The Loki Patrol 5.56mm is shown equipped with a set of Midwest Industries back-up iron sights and an Insight Technology MRDS reflex sight.
It looks like an AR-15. It shoots like an AR-15. But, is it an AR-15? The Loki Weapon Systems Fighter (LWSF) Patrol Rifle is of course an AR-15. But, LWSF, a small but up and coming company, has greatly improved upon the original design. The result: A rifle that is ideal for the LEO looking for a tough and reliable 5.56x45mm patrol rifle.
The LWSF Patrol Rifle is clearly an improved version of the familiar AR-15, with a better design, stronger materials, and more comfortable ergonomics. Both the lower and upper receivers have been upgraded. The lower is machined from a billet of 7075-T6 aluminum. Loki’s improvements of the Mil-Spec lower include an integrated triggerguard. If you have ever witnessed an AR being built, it wasn’t uncommon for a triggerguard or wing to be broken while pinning the triggerguard—now this design weakness is gone. The complete guard is also oversized for bigger glove fingers.
Loki also changed up the magazine well and frontstrap. The well is reshaped and enlarged, which helps speed a rapid reload. The frontstrap of the lower is reshaped for finger grooves. Regardless of your shooting style, at some point you are likely to have your support hand wrapped around the front of the lower. The grooves provide a sure grip. Loki rounds out the LWSF ergonomics by using the Ergo SureGrip pistol grip and F93 PRO stock. An ambidextrous sling plate is also standard on the Patrol model.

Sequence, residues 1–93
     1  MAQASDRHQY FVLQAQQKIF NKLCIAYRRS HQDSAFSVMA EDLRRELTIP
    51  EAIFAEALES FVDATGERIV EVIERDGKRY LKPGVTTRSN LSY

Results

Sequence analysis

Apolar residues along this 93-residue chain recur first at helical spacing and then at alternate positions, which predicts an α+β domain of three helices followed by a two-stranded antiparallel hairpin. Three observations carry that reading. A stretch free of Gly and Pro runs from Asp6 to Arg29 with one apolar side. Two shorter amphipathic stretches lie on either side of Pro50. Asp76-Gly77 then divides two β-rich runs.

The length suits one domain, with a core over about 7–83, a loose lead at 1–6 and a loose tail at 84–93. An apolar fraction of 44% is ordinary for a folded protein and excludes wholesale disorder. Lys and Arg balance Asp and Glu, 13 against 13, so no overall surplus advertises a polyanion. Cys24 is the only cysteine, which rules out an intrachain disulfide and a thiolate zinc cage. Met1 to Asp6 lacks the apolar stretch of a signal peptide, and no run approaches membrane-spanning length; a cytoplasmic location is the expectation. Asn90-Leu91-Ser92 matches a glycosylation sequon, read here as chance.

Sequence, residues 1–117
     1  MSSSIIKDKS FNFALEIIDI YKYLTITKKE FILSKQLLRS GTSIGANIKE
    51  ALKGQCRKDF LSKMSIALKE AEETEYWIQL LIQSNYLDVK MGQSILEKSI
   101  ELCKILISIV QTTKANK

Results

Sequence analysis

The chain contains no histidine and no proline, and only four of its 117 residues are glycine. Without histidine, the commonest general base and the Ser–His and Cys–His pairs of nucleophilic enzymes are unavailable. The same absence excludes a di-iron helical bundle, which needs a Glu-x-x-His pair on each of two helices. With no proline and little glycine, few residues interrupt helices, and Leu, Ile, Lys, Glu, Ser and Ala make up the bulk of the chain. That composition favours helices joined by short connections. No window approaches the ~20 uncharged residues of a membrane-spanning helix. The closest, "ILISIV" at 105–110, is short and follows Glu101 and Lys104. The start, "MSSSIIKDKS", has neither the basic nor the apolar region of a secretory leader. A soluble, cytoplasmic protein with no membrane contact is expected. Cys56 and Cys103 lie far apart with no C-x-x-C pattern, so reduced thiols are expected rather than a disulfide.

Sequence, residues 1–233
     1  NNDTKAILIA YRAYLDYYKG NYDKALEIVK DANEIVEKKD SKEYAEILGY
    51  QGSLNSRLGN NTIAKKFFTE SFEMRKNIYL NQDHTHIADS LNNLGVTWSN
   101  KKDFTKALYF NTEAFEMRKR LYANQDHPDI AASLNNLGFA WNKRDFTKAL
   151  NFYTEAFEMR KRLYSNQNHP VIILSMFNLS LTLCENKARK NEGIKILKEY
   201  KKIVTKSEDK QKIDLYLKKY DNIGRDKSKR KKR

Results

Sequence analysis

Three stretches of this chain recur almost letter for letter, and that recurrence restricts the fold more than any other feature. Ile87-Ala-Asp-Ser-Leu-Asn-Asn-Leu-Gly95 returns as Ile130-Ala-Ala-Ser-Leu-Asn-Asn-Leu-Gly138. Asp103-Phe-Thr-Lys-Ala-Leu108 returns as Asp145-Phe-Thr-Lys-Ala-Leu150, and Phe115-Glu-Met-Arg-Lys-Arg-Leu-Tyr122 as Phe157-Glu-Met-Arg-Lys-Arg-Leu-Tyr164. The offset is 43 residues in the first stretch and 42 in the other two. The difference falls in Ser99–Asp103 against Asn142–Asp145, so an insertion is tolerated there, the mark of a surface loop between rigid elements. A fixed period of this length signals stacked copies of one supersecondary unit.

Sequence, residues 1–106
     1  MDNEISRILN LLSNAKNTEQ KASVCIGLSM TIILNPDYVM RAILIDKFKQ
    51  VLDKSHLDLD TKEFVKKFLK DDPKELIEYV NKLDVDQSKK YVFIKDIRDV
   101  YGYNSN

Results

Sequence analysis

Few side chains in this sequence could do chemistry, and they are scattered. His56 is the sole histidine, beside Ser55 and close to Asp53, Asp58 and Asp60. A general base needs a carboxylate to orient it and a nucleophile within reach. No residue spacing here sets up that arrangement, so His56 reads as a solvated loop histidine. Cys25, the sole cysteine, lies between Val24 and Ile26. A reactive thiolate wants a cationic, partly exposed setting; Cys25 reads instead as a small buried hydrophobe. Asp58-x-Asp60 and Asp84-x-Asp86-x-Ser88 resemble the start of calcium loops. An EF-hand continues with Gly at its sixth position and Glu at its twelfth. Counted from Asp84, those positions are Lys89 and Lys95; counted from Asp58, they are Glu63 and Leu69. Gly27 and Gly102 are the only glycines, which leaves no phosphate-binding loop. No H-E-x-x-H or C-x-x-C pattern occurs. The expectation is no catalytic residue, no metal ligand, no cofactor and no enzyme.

Like the lower, the Loki upper is also machined from a billet of 7075-T6 aluminum. The added rigidity subsequently helps with accuracy. It also increases the durability as the upper and lower do not flex as much. If you look at the sides of the upper, you’ll notice how much thicker it is than a traditional AR-15. Naturally, the upper has a forward assist. Both the upper and lower come in for a Type III anodized hardcoat and Teflon finish. The upper and lower receivers are matched for a reliable fit.
Fitted to the upper is a quality barrel. The rifle tested here has a 16-inch barrel. Of course, other barrel lengths are available. The barrel is a 4150 chrome-moly vanadium alloy per Mil-Spec B-11595. This is the same material the military uses in the M249 SAW machinegun. The barrel is chambered for 5.56x45mm NATO and is rifled with a 1-in-8-inch right-hand twist. The barrel is fitted with an M4 extension for improved feeding of the cartridge from the magazine to the chamber. The barrel receives a nitride treatment. The muzzle has standard 1/2×28 threading for a variety of flash suppressors and muzzle devices. The test sample featured the excellent Yankee Hill Machine 5C2 Phantom suppressor.
One of the things that I really like on the LWSF is the 12-inch modular handguard. The handguard is essentially round with a full length Picatinny rail along the top. Additional segments of Picatinny rail can be mounted around the handguard in 90-degree increments. This means the shooter doesn’t have to lug around heavy and unnecessary rails. The Loki handguard supports the shooter, not just the rifle.
Another Loki enhancement is Fail Zero’s EXO coating applied to the bolt, carrier, fire control group (trigger, disconnect and hammer) and charging handle. The EXO coating makes parts last longer and require less routine maintenance. So what is EXO? EXO is a patented “nodular nickel-boron (NiB) surface coating.” According to Fail Zero, the NiB “nucleates on the surface atoms of metals.” The result is that the coating becomes part of the metal, hardening the surface; it’s not just a layer stuck on the surface. An EXO treatment also provides heat dissipation qualities, so the moving parts of the Loki last longer, run smoother and stay cooler. EXO can be applied to many metals including steel, aluminum and even titanium alloys. The bolt receives a Mil-Spec heat treatment and is rated for full-automatic.